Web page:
Are you ready for the nation’s $3 billion wireless overhaul for education—or the move to online testing? Here’s what you need to know


70 percent of K-12 schools currently lack the wireless network performance to support online testing.

In early February, President Obama made a $3 billion commitment to improve internet access in the nation’s schools to meet the new technology standards required by Common Core online testing.

Approximately $2 billion of that funding is earmarked for an FCC imperative to provide high-speed broadband internet access to 15,000 schools. And private-sector companies—among them Apple, Microsoft, AT&T, Sprint, and Verizon—have pledged $1 billion in free and discounted products, connectivity, and professional development.

While this is no doubt cause for celebration, it marks the beginning of a very long road to fully realizing the benefits for education. This funding could cause a tremendous leap in the quality of education for U.S. children, helping them better compete in a world economy when they enter the workforce.  However, if not properly put into place, it could result in a debacle on par with the rollout—and a squandering of educational opportunities for the country’s students.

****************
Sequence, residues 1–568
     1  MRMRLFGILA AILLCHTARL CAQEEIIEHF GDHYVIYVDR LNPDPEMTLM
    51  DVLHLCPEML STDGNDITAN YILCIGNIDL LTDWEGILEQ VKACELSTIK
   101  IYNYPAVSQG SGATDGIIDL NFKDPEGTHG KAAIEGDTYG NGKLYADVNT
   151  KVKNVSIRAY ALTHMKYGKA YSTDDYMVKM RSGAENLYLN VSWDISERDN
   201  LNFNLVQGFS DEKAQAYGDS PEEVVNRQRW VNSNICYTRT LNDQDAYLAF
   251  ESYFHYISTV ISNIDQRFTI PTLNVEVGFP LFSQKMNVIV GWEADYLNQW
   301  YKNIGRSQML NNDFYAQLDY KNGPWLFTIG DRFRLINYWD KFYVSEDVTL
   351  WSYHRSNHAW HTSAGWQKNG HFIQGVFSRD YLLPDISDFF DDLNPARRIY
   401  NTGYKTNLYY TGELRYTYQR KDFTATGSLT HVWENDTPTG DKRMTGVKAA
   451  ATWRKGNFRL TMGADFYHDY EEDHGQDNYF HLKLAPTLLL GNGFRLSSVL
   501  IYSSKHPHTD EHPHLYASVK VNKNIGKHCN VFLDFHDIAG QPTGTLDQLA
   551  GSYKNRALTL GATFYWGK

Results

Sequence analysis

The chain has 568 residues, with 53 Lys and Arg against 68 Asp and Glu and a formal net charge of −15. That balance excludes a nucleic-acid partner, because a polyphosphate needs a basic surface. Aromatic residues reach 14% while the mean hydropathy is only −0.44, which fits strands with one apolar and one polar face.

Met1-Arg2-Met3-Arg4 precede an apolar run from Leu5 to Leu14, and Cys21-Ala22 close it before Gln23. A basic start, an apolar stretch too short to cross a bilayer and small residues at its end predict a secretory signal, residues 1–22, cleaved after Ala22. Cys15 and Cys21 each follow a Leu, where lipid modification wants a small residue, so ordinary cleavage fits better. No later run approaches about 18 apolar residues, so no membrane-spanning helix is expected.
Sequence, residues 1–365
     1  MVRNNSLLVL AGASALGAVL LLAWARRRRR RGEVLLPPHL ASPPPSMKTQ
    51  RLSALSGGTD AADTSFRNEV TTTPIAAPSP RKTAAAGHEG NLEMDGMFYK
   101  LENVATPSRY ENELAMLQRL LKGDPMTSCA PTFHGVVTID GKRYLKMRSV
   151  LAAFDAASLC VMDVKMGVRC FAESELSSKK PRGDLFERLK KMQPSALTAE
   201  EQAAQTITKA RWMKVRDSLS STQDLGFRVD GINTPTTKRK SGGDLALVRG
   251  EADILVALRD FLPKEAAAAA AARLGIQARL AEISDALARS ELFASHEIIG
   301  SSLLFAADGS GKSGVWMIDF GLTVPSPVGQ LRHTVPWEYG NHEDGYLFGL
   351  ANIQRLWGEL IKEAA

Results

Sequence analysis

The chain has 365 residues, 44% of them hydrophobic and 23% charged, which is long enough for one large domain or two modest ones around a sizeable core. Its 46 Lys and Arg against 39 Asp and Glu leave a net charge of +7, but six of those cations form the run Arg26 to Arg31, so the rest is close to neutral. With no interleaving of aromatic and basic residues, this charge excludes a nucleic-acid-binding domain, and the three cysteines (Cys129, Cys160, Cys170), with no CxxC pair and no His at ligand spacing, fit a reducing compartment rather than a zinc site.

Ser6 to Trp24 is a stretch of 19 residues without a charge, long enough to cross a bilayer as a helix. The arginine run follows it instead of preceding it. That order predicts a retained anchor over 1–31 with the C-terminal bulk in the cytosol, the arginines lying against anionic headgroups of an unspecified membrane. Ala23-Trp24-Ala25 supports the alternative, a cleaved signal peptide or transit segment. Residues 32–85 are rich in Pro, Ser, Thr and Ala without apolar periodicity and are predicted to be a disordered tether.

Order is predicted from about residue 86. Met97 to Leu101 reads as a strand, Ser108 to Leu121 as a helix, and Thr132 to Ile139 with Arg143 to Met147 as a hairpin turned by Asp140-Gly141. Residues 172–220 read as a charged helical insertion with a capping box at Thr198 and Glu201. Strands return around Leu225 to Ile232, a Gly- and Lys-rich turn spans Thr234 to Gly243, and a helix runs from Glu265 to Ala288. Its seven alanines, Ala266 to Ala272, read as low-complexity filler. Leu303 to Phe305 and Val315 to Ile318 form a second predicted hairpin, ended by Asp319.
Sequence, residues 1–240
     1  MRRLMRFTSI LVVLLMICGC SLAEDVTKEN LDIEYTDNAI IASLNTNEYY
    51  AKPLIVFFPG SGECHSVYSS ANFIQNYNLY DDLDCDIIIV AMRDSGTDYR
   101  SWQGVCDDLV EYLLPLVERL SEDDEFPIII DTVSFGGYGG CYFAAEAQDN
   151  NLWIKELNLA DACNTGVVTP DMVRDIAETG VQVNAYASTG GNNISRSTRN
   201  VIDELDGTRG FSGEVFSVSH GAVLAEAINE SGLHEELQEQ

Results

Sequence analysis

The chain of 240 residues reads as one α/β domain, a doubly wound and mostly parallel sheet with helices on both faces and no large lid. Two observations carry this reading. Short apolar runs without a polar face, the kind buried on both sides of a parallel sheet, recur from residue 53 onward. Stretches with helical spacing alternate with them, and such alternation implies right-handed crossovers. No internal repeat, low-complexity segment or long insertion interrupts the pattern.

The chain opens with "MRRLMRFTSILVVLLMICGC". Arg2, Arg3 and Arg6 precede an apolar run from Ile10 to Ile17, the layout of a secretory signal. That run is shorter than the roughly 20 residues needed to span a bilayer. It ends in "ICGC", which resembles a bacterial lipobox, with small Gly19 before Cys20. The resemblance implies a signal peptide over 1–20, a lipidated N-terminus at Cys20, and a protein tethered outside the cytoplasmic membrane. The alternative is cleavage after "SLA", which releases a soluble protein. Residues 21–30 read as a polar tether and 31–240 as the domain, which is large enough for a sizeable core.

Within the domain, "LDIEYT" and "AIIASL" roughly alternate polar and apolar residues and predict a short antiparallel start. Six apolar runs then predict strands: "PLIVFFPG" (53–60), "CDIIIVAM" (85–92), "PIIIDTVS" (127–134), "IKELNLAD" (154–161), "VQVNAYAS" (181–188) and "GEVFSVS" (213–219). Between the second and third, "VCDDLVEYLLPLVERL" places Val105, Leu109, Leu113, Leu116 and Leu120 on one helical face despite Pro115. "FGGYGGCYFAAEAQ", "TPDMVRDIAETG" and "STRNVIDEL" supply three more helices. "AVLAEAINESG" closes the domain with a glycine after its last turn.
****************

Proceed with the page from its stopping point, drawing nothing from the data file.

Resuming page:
Implementation of wireless infrastructure to support online testing will be a significant hurdle, as 70 percent of K-12 schools currently lack the wireless network performance or wired broadband internet connectivity needed to make this a success, according to Compounding the problem is a new wireless standard, 802.11ac, which should be considered as part of any new infrastructure upgrade. Combined, these challenges are giving many school IT personnel a serious headache.

Here are five key steps that school administrators must take when building out their wireless networks.

1. Ensure proper application performance.

Schools need to ensure optimal wireless performance by controlling traffic and application accessibility at the edge of the network, where students connect—not at the internet gateway, where the network itself connects.

2. Plan for the right density of devices.

With students being given mobile devices or bringing them from home, it’s critical to understand how many students will be connected to any wireless network to ensure a proper capacity design. Underestimate the number of access points required, and your connections will slow down or even drop—causing the learning experience to suffer.